It has occurred to me on more than one occasion that God has been directing my reading for awhile now. Sure, there are a few books that are truly leisure reading but more and more often I feel like every book I get the urge to read ends up being a sort of lesson in some aspect of crafting fiction.
Last week was one of the watershed moments of my writing life and I spent much time not writing on this blog or on Facebook because I was busy handling what had become a huge moment for me.
Ever since I was about five I have had people comparing me to fictional characters. My mom’s hairdresser started it by saying that I should read Little Women because I reminded her of Jo. From the time I was about eleven I’ve had people saying that I remind them of Anne Shirley of Green Gables fame. When I finally read those books I was more than a bit puzzled because while I see a few similarities I didn’t really care for those stories in general.
But then last week I did find my fictional counterpart in a novel in a way that was almost scary. I mean, I have a very few things in common with Jo March, mostly in the liking-to-read-and-write areas. (Most of the time I still think she was an idiot for not marrying Laurie.) And Anne Shirley has some things in common with me. But I AM Francie Nolan of A Tree Grows In Brooklyn. I read that book for the first time last week and had such an emotional, gut reaction to Francie. No, I didn’t grow up impoverished in Brooklyn. I didn’t have an aunt who worked in the condom factory. But the rest of it, the being alone and loving books and not having friendships with (many) women…so many things about Francie Nolan are ME. I actually spent quite a few hours last week flat out ANGRY with my parents for not making me read that book when having read it would have been a great comfort to me–around 13 or so. Since my mom was my English teacher for several years it isn’t an entirely misplaced frustration. But I can see how this book with its frank language and talk of sex is not something that one thinks of for children.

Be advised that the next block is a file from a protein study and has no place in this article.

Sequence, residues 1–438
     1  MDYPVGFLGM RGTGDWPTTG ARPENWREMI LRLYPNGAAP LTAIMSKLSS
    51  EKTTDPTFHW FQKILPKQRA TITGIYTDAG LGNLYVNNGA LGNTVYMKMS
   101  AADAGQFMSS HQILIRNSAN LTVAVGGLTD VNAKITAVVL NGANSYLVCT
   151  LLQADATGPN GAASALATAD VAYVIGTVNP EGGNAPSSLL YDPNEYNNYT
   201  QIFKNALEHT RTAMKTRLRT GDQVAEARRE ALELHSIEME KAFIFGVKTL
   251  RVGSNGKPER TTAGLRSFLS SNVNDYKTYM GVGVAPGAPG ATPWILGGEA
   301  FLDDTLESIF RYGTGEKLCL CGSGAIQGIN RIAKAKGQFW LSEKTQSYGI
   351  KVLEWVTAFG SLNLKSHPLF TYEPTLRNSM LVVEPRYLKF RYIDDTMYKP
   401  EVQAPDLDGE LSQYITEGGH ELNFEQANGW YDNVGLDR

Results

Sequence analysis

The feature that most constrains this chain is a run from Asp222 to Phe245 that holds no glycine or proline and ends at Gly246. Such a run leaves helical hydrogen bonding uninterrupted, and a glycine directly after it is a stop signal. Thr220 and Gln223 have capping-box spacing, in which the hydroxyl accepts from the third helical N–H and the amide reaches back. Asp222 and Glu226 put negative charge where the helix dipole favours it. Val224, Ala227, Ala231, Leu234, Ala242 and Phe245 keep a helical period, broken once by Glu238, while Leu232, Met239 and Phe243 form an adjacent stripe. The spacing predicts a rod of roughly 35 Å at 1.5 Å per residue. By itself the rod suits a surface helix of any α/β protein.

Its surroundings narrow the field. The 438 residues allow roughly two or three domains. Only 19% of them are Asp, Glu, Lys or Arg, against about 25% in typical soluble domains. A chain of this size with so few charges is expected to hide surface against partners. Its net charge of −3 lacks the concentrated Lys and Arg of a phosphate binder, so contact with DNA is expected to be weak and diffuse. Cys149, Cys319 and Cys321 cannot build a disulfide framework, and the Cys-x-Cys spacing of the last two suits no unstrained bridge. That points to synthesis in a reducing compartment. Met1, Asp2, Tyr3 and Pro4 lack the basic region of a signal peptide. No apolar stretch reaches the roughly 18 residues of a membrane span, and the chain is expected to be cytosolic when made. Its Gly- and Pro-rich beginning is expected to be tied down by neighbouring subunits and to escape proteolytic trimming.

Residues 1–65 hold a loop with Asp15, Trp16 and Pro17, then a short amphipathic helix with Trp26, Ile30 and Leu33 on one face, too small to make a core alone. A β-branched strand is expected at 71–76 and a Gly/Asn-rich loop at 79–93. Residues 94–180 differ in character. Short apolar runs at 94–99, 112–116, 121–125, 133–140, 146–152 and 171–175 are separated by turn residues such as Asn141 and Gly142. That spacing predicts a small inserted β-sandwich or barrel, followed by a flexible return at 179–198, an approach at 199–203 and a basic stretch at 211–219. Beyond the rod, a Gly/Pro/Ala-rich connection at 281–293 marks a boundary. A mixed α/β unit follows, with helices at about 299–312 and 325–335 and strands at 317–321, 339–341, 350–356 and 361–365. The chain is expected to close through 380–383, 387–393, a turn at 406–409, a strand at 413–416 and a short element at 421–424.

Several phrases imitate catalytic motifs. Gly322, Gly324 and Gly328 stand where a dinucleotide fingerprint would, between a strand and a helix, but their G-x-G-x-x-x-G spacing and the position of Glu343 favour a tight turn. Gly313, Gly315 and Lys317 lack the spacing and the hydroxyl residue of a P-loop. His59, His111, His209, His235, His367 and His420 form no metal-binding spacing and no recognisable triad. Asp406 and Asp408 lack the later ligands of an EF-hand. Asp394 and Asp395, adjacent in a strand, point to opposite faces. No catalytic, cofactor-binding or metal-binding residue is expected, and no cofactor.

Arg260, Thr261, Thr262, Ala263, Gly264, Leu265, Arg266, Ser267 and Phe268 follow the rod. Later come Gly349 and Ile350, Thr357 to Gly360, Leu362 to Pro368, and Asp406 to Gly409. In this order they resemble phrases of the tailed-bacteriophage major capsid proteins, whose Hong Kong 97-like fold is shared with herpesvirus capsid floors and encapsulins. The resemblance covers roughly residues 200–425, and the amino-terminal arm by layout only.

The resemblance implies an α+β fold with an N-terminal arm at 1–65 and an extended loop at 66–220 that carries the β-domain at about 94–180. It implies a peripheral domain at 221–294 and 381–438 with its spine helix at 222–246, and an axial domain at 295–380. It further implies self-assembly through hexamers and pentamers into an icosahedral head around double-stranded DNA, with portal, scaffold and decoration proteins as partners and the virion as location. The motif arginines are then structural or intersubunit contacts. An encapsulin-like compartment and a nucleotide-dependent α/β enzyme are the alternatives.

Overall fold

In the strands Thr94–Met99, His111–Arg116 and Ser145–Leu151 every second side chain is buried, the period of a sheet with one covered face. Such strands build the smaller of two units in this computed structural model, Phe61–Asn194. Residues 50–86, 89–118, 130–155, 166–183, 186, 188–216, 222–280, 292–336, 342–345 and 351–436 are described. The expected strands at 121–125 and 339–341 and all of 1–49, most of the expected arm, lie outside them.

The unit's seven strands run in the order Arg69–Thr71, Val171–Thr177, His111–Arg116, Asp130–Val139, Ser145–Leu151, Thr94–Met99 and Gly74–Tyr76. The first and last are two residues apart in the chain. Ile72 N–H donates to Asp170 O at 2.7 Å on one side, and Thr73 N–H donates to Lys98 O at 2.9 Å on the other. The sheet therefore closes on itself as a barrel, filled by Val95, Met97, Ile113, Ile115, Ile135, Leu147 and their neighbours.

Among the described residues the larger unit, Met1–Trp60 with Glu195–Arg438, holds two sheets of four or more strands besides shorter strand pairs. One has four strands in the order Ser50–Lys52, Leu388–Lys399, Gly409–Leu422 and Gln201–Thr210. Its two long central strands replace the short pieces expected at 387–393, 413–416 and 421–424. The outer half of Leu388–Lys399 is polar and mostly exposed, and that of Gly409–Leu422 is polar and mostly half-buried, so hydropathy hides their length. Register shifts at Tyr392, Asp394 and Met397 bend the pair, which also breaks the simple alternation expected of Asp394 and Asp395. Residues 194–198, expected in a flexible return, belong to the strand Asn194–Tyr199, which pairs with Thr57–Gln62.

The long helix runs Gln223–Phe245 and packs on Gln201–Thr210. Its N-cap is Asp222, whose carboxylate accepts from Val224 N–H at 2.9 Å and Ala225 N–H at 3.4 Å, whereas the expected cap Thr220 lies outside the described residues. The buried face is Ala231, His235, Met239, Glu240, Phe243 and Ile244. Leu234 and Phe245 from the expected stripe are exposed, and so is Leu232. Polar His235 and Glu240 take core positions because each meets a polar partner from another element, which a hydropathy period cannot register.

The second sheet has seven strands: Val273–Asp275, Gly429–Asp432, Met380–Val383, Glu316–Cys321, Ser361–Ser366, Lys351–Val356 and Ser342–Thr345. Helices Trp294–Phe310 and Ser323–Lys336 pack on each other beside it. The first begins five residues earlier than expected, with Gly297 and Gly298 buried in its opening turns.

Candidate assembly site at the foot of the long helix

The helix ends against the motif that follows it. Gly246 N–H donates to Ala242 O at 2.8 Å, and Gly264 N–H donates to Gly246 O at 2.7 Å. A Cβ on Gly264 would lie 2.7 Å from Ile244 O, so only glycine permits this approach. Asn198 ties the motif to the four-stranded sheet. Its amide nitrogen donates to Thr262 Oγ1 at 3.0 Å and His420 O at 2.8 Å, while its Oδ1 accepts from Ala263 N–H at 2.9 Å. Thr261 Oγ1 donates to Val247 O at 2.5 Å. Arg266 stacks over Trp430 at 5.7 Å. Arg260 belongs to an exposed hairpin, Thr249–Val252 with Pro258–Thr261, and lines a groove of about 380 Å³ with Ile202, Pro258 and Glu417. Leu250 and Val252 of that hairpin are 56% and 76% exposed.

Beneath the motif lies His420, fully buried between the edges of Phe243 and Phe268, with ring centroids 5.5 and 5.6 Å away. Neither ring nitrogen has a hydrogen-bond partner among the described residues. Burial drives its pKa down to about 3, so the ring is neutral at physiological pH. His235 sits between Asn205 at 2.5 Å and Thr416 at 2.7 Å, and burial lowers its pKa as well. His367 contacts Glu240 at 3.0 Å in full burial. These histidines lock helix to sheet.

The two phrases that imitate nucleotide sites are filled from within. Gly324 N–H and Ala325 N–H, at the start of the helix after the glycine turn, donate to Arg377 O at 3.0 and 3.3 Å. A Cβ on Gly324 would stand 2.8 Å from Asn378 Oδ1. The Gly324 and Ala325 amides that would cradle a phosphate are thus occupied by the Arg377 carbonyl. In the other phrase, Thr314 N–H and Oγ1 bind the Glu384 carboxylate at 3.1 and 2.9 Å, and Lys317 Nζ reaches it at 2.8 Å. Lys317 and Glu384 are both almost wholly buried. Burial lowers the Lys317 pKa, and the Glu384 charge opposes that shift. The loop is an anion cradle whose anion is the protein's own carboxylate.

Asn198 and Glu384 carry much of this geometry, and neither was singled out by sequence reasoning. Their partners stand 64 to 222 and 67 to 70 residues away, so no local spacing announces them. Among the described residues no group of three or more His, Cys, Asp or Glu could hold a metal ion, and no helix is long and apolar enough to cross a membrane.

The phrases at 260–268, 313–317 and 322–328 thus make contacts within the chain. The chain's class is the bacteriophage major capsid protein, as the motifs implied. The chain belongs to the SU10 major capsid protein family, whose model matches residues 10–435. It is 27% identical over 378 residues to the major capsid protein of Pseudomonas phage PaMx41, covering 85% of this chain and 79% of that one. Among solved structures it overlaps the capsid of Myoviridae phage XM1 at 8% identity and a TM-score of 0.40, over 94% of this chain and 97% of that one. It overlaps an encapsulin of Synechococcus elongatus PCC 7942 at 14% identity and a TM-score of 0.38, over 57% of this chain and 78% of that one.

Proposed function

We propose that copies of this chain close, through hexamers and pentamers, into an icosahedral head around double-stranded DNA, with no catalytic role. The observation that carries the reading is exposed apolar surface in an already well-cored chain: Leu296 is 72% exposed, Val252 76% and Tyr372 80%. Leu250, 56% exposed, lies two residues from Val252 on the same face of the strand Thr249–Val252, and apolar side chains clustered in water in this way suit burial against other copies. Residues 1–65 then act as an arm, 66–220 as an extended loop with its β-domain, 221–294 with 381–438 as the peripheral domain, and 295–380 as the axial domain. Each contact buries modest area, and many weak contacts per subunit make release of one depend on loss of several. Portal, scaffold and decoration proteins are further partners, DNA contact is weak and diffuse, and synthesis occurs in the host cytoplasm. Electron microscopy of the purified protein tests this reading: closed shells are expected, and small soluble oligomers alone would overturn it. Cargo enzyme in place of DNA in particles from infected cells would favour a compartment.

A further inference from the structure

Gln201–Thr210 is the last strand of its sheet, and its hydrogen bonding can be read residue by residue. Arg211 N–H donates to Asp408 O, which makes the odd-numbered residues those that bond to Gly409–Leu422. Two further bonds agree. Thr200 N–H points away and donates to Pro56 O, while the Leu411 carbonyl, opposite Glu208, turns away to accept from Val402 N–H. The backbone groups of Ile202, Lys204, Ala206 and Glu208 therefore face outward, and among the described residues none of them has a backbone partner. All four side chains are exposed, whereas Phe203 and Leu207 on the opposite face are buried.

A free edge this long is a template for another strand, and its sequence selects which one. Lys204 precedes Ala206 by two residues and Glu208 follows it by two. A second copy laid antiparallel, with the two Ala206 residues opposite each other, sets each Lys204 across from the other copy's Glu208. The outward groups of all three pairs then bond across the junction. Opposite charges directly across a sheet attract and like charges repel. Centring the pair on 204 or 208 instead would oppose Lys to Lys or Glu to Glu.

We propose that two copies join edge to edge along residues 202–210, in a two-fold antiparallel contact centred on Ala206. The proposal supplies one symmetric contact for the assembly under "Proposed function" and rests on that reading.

But now I’ve read it, at 43. And now I’ve combed through the minutiae of Betty Smith’s life looking for clues as to where I go next. Francie, after all, may have been fictional but everyone–including Smith–acknowledges that she was mostly a depiction of Smith herself and that the book is largely memoir. It’s been a great comfort to me to know that A Tree Grows In Brooklyn was written when Smith was in her late 40s. More and more often I’ve been pointed to books that turn out to have been written by folks in their mid- to late-40s. It’s a comfort to realise that many of the greatest novels to need to gestate in the author’s brain until the other impulses of creativity in a woman’s life start to taper down.